What Doesn't Work in 1.2
I will close this essay by pointing out three images which really don't work very precisely for S in 1.2. I am actually encouraged by this; it emboldens me to keep trying to get it right as I speak and write. In fact the images are very vivid, that is why S probably uses them. But, they just don't quite "fit." Here they are.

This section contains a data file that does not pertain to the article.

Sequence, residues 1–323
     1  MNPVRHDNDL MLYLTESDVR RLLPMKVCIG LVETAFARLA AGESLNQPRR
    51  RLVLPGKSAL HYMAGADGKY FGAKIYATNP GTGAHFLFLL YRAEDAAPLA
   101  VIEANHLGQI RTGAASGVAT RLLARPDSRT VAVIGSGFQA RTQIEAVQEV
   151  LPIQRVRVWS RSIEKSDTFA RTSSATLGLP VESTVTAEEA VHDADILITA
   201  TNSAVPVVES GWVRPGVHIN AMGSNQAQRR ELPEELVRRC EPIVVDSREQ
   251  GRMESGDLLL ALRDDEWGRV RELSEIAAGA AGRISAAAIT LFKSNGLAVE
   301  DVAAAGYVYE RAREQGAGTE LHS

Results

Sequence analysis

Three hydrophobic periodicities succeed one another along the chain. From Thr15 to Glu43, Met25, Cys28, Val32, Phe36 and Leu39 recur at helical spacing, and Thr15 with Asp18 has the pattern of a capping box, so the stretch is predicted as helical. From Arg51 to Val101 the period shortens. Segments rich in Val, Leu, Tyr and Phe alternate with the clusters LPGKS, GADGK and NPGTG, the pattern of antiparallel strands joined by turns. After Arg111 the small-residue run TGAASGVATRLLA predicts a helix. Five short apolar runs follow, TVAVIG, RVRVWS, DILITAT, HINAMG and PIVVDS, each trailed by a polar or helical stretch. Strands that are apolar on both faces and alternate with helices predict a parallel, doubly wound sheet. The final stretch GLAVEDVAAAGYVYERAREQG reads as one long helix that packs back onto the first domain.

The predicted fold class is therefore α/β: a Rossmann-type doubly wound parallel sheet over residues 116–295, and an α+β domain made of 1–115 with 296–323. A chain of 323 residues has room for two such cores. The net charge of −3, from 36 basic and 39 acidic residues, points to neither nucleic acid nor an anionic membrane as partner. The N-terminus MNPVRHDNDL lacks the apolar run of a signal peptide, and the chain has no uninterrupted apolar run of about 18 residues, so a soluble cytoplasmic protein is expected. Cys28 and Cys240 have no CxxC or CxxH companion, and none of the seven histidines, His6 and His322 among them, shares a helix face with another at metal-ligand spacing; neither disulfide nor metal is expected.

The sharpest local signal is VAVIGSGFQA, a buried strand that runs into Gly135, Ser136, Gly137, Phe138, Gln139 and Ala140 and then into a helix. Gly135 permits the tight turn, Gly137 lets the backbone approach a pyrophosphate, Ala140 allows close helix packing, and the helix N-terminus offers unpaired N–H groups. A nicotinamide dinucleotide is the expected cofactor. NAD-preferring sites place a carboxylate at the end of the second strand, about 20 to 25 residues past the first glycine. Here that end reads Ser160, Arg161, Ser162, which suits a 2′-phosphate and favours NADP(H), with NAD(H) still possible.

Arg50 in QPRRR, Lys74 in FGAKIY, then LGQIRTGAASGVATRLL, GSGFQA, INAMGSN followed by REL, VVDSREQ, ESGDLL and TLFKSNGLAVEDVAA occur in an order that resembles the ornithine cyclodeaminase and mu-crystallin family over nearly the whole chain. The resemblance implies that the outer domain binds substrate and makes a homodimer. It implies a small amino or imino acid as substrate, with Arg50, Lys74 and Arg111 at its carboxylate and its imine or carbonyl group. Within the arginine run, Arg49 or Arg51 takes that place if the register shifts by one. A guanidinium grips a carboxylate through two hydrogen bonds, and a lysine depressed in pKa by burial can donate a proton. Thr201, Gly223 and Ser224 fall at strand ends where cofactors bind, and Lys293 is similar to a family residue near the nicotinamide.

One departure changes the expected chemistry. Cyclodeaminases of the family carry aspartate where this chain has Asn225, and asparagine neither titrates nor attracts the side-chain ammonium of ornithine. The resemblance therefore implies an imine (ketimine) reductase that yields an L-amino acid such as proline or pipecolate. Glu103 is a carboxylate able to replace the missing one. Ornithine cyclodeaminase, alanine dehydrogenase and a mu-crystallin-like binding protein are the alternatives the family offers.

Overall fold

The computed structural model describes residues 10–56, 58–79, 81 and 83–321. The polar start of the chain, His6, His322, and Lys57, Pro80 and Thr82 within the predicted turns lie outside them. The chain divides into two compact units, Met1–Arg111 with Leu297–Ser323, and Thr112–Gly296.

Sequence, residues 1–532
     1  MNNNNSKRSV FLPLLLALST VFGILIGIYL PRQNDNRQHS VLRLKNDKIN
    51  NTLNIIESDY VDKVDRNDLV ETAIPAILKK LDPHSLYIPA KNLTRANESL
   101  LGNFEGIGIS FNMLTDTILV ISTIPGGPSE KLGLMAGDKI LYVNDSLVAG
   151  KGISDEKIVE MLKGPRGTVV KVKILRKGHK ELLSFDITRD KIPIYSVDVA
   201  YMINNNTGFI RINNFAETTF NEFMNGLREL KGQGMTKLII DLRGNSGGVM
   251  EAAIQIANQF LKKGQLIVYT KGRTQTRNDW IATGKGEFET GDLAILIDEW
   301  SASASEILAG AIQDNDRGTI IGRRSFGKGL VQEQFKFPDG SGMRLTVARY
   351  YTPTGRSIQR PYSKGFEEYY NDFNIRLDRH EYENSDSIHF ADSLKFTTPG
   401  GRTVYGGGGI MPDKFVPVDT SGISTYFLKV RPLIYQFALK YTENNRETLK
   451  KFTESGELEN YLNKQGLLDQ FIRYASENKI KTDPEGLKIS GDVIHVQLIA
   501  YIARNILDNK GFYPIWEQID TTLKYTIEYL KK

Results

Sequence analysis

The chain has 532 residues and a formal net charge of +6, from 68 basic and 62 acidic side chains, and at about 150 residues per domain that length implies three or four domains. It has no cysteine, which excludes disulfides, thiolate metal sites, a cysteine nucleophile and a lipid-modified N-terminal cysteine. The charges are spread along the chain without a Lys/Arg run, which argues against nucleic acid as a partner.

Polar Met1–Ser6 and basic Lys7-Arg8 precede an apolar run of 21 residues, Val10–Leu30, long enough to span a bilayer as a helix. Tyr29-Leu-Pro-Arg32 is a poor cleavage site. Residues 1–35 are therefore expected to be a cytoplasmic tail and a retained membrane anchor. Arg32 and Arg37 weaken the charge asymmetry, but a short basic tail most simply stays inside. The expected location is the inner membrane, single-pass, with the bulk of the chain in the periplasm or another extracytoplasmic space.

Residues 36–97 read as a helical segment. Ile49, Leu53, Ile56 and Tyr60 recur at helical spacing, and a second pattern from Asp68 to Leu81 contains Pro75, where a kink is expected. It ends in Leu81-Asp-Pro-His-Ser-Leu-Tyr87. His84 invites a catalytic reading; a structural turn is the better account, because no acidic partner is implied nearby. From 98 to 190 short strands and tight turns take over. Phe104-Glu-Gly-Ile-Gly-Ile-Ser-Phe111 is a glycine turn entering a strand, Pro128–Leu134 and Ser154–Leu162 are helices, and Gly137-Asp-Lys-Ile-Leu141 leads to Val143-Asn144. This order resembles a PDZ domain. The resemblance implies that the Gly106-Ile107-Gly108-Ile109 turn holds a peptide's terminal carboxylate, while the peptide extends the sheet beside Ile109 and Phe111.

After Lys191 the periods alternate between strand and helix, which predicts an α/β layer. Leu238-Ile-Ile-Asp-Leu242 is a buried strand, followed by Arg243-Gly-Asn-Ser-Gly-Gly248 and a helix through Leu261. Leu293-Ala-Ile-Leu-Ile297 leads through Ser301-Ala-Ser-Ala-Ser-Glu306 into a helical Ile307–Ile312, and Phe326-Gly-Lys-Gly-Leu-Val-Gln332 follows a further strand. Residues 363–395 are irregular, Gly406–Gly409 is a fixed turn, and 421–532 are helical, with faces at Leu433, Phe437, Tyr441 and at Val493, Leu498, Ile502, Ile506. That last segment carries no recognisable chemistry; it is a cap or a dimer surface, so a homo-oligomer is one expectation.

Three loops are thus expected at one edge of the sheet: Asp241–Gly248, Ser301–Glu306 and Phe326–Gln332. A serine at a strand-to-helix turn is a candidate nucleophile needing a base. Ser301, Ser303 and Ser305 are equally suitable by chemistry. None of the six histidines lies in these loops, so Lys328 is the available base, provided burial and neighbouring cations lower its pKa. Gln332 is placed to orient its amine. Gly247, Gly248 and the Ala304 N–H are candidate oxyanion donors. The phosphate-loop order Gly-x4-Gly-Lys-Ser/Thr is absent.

1. "And choke their art" (9). I show elsewhere why this picture doesn't fully work. Suffice it to say here that when swimmers choke each other they are "spent" and not necessarily hostile, but what S really wants to describe is the equal powers on each side of antagonistic forces. Check out my essay for more on this.
2. The Confusion in Lines 11-13. Again, I describe this here. This confusion may be the result more of editorial bumbling than S's infelicities. Ok, I will blame the editors. S is off the hook.